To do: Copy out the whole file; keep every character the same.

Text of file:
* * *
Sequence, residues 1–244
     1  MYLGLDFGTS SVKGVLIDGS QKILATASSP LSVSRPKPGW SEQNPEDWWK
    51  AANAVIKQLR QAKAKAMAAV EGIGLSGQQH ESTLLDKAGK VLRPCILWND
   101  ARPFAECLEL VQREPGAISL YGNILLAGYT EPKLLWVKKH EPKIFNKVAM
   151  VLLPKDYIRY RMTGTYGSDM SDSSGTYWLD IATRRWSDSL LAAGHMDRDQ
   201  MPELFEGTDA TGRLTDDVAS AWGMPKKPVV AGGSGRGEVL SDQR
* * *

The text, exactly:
Sequence, residues 1–244
     1  MYLGLDFGTS SVKGVLIDGS QKILATASSP LSVSRPKPGW SEQNPEDWWK
    51  AANAVIKQLR QAKAKAMAAV EGIGLSGQQH ESTLLDKAGK VLRPCILWND
   101  ARPFAECLEL VQREPGAISL YGNILLAGYT EPKLLWVKKH EPKIFNKVAM
   151  VLLPKDYIRY RMTGTYGSDM SDSSGTYWLD IATRRWSDSL LAAGHMDRDQ
   201  MPELFEGTDA TGRLTDDVAS AWGMPKKPVV AGGSGRGEVL SDQR